“How can we contain some of the deadliest, most long-lasting substances ever produced? Toxic remnants from the Cold War remain in millions of gallons of highly radioactive sludge, thousands of acres of radioactive land, tens of thousands of unused hot buildings, and some slowly spreading deltas of contaminated groundwater. Governments around the world, desperate to protect future generations, have begun imagining society 10,000 years from now in order to create warning monuments that will speak across time to mark waste repositories.” Thus opens the award-winning documentary, “Containment,” (2017) directed by Peter Galison and Robb Moss.
Yet as early as 1992, the United States started collecting interdisciplinary teams (well before “interdisciplinary” became a key word), to visualize and design material communication scenarios for a deep nuclear waste repository in New Mexico known as the Waste Isolation Pilot Plant (WIPP). “The Sandia National Laboratories charged a panel of outside experts with the task to design a 10,000-year marking system …” The message: IF YOU STAY HERE YOU WILL DIE. To date, there are no viable material solutions anywhere in the world.
It is estimated that languages deteriorate at the rate of 95 percent over the course of 10,000 years. Explicit to the terms of the nuclear marker communication system is that the message must not rely on words. Instead, a continuous durational material system must be designed. It is thought that this material system must include an immersive environment, a social ritual, and a way of evolving a linguistic message that the body can understand through experience. In other words, design, science, art, language, and technology must converge into a mesh of interwoven materiality to articulate an intractable ecological, human condition that will exist with certainty in all possible uncertain global futures.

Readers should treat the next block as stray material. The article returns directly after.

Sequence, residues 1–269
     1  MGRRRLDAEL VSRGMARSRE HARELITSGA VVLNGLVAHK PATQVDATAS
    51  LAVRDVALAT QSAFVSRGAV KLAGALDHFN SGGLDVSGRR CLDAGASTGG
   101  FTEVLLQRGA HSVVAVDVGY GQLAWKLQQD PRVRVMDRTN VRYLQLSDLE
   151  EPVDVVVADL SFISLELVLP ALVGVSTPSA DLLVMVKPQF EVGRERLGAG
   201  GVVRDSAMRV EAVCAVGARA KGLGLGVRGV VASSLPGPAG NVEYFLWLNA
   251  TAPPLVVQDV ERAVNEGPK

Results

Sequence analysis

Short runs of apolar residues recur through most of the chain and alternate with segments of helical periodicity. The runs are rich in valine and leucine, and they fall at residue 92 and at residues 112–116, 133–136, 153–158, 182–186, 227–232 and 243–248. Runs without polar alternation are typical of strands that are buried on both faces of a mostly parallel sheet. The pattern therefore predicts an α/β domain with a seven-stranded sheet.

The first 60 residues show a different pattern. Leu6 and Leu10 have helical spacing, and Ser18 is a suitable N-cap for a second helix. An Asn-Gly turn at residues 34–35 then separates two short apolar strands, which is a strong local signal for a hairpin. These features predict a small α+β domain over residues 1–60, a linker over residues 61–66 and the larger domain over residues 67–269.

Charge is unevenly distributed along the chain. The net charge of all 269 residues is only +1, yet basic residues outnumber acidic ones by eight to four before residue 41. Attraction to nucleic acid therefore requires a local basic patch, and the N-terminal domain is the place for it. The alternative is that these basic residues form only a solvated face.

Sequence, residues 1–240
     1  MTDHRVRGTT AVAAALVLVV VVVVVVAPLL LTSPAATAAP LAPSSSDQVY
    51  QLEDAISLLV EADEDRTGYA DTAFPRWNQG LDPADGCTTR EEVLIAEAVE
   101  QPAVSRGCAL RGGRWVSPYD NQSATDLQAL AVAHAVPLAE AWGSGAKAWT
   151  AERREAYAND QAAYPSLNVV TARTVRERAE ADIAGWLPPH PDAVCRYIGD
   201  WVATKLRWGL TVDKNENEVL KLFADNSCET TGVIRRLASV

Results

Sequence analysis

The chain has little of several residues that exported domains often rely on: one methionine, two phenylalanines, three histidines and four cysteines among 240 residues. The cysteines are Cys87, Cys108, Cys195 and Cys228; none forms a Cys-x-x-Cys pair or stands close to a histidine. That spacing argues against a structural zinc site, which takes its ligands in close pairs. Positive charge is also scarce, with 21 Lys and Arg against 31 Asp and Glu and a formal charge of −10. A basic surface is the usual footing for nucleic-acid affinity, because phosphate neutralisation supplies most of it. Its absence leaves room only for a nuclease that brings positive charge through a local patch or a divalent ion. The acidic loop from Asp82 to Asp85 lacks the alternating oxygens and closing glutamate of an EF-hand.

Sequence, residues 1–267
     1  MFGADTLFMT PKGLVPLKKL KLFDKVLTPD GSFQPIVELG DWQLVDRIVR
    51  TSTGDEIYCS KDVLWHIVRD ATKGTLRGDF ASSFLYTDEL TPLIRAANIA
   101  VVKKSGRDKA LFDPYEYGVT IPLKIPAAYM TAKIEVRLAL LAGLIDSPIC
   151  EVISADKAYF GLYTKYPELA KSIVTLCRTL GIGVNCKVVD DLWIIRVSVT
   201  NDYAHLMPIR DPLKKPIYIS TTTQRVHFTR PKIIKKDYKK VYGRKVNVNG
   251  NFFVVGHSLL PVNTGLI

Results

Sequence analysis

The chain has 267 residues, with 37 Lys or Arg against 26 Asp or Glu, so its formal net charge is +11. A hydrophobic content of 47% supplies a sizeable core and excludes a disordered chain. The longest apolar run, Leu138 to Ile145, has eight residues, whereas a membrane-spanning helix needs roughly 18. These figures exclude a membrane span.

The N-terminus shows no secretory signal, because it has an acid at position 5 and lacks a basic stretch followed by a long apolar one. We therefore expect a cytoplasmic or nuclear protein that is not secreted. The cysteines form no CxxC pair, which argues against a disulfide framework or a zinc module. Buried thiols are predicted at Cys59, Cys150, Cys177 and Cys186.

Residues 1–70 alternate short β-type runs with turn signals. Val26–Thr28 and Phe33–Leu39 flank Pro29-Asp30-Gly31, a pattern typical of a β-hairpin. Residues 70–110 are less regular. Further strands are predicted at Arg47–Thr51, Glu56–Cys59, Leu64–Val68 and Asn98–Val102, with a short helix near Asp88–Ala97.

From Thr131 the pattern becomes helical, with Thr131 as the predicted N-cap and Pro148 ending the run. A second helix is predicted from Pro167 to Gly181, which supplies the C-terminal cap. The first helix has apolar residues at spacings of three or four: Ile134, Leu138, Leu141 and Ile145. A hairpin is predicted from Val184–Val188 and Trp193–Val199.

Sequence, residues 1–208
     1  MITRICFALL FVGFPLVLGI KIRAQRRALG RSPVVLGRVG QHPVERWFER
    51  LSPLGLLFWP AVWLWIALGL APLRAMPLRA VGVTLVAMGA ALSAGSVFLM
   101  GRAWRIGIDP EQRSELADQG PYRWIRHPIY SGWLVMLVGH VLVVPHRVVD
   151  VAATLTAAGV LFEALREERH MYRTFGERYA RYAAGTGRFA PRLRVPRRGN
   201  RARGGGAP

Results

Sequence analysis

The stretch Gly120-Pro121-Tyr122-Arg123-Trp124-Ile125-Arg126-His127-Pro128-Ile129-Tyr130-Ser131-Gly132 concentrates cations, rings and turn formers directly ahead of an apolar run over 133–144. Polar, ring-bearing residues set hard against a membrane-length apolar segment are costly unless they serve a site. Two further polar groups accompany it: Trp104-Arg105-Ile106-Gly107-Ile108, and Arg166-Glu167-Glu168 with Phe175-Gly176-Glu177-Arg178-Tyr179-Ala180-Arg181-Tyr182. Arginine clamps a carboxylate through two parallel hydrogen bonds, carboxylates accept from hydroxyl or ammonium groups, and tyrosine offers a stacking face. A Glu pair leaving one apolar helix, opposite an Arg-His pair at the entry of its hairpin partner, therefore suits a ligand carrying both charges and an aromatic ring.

During the semester, the studio partnered with Just Moms STL, a nonprofit group uniting against a radioactive waste site in their community of West Lake in Bridgeton, Mo. Students were paired with members of the community, people whose lives are immediately affected by the burial of nuclear waste. These ethnographic encounters formed the spine along which research and design for each material narrative emerged. Final projects took the form of immersive installations and video trailers.
This studio was supported in part by a 2018–2019 St. Louis Project Grant from the Gephardt Institute for Civic and Community Engagement, Washington University in St. Louis.